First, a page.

previously mentioned, the human body operates on the "use it
or lose it" principle, and hearing is no different. Hearing
loss is often gradual and, therefore, something to which one adapts.
There is a growing collection of detailed studies that show
the sooner one treats hearing loss, the better the outcome one will
have. This is because the longer the problem is ignored, the
harder it is to treat.
aids can do a great job in filling in the gaps that your inner ear
is missing but they need help from the rest of your auditory system
to get the light bulb in your brain to flash on. Considerations
that may help you:
the right hearing aids for your hearing loss. Although
most of the hearing aids available now are good at adjusting
for your hearing loss, some are better than others at cutting
out background noise or enhancing speech.
takes time. Over time the brain loses some
of the synapses (connections) it needs to interpret the speech
signal it is getting. If you learned a foreign language
a few years ago but didn't keep up with it, you'll have to
relearn the vocabulary to understand it again. Well,
you brain has to relearn the "new sounds" it is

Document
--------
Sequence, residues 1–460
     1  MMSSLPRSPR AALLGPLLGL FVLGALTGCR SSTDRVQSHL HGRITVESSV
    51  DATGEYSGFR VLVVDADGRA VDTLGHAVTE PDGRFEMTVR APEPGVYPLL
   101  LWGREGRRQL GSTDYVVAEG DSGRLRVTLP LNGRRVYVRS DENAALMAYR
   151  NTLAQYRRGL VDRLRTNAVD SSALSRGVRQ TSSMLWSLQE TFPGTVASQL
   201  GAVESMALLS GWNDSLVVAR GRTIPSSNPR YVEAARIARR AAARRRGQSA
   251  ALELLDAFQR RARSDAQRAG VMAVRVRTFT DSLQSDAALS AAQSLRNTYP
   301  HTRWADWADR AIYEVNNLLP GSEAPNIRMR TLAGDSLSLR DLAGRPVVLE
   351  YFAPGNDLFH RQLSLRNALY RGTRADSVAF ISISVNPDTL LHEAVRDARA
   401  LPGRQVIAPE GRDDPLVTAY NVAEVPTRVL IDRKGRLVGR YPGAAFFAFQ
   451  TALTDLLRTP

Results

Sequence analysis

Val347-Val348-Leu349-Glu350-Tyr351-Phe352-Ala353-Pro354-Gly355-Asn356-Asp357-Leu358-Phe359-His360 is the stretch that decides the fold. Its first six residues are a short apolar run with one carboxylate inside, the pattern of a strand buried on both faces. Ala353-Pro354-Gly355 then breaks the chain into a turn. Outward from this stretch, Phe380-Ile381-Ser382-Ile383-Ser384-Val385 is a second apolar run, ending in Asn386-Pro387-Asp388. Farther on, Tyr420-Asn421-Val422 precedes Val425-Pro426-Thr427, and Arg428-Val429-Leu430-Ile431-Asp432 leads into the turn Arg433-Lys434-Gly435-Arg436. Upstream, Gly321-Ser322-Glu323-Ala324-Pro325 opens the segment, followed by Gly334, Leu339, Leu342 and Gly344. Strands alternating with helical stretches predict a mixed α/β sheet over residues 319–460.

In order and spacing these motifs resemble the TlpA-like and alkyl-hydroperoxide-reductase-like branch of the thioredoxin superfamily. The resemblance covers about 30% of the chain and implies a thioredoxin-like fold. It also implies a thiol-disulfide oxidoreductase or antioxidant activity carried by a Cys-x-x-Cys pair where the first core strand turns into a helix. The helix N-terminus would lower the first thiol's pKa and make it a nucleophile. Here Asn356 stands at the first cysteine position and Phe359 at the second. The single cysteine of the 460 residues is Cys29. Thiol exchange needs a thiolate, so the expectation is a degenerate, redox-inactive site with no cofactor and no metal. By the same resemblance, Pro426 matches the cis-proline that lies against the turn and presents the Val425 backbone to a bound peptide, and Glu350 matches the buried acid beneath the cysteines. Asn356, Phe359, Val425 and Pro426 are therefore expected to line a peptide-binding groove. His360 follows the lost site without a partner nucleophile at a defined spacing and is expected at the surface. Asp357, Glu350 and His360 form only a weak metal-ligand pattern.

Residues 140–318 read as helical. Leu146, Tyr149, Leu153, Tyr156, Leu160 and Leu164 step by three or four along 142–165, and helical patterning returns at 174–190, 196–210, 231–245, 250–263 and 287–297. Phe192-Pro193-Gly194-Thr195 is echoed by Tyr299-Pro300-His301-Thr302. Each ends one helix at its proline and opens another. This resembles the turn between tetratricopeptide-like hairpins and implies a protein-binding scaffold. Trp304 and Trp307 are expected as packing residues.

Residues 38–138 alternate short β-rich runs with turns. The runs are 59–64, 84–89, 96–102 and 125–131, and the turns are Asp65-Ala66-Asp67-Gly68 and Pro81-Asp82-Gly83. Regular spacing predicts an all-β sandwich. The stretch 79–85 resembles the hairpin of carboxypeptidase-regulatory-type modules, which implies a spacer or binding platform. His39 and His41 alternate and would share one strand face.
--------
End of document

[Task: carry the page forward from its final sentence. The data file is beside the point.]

hearing with hearing aids. This can take weeks or even
months. The more you wear your hearing aids, the better
your brain will get at interpreting the signal.
expectations. Even the best hearing aids can't
repair dead inner ear hair cells or completely get rid of
background noise. You may never be able to hear as well
as you once did, but the benefits hearing aids will bring
can improve the quality of your life.
of the Ear
above, the auditory system is divided into three distinct parts.
Each of these has an important role to play in the process off hearing.
Outer Ear - This is composed of:
Pinna: This is the most visible part of
the auditory system. It catches the sound waves and aims
them into the internal mechanisms of hearing. If the pinna
is missing or damaged, sound waves may not be collected
Auditory Canal: This structure simply conducts